[ # 92 of My Favourite Short Poems ]
Love’s Philosophy . . . By Percy Bysshe Shelley
The fountains mingle with the river
And the rivers with the ocean,
The winds of heaven mix for ever
With a sweet emotion;
Nothing in the world is single;
All things by a law divine
In one spirit meet and mingle.
Why not I with thine?—
See the mountains kiss high heaven
And the waves clasp one another;
No sister-flower would be forgiven
If it disdained its brother;
And the sunlight clasps the earth
And the moonbeams kiss the sea:
What is all this sweet work worth
If thou kiss not me?
Where gleams our sun
What we once had before we split
I never will regret one bit.
It was a joy I can’t repeat;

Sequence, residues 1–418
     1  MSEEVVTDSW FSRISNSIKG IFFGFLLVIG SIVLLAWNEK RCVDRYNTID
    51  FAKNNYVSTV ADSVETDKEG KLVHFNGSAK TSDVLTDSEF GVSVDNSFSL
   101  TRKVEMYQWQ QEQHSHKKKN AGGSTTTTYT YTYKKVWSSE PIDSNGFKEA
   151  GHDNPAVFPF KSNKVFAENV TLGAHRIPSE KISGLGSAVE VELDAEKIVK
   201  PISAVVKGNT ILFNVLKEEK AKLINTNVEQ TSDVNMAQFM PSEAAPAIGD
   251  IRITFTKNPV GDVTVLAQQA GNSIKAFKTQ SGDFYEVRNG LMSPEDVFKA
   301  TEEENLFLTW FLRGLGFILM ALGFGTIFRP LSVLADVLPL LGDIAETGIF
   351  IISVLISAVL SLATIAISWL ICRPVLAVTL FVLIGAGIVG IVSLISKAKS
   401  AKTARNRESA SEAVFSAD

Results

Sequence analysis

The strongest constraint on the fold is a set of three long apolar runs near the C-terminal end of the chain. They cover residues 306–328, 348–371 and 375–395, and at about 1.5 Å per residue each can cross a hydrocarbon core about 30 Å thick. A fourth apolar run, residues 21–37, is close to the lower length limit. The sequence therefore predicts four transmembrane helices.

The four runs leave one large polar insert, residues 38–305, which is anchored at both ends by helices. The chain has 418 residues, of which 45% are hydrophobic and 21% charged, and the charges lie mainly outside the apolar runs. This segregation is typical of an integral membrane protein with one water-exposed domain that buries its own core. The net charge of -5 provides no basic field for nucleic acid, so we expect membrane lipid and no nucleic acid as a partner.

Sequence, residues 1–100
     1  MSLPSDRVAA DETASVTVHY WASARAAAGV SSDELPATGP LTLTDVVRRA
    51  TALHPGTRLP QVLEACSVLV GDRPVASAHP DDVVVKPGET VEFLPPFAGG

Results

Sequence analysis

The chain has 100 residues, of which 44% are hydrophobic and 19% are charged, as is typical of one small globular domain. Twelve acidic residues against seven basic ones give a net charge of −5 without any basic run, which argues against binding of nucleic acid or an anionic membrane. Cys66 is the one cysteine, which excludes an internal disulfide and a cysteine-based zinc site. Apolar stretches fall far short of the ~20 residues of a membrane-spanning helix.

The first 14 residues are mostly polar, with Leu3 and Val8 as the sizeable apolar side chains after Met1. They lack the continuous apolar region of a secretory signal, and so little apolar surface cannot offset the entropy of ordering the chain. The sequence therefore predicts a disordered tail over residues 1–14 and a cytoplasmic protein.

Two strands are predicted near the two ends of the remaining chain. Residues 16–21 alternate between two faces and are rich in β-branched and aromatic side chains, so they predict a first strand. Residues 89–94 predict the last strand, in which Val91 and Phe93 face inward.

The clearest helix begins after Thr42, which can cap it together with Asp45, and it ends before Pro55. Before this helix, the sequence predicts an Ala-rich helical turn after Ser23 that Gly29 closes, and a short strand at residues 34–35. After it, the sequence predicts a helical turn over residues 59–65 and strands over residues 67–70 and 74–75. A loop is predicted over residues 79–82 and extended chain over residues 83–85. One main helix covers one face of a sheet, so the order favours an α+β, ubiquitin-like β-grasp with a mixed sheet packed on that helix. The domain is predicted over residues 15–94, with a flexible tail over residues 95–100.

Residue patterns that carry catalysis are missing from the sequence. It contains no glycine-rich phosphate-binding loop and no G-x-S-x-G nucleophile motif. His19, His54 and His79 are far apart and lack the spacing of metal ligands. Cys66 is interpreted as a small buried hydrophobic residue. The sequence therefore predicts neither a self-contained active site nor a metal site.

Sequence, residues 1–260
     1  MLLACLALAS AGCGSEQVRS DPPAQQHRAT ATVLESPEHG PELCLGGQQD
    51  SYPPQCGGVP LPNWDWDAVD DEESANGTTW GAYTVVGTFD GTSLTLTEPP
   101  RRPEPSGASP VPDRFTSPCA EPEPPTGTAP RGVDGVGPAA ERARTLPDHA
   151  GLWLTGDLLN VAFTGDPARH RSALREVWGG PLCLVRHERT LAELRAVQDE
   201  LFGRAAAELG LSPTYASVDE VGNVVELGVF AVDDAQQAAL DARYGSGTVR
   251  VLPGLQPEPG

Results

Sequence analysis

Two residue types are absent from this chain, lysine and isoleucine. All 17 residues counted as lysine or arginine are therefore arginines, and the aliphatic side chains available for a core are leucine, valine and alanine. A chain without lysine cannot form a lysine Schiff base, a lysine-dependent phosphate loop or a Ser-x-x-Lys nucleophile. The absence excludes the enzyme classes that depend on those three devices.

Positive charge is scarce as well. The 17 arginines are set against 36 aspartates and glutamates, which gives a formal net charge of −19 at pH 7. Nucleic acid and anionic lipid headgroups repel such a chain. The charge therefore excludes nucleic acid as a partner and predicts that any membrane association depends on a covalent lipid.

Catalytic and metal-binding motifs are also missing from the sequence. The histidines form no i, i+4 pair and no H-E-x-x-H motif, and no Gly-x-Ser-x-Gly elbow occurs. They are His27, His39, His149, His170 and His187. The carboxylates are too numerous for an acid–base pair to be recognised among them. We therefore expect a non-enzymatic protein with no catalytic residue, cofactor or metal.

It was my fault, I do admit.
Regrets do not a prison make,
But time will ever keep awake
That spark of love, which, withered now,
I watched with horror envy take.
Your gain, my loss, I can agree;
Despite your vow to cherish me,
I lost you when I gave you space;
I knew I had to set you free.
It helps to keep my life on track,
To plaster o’er that cruel crack,
To be with you in dreamland now.
I’d give up all to have you back.
You fill so many of my dreams
And memory runs amok it seems.
Tonight I take you with me, there,
Where gleam our sun and our moonbeams.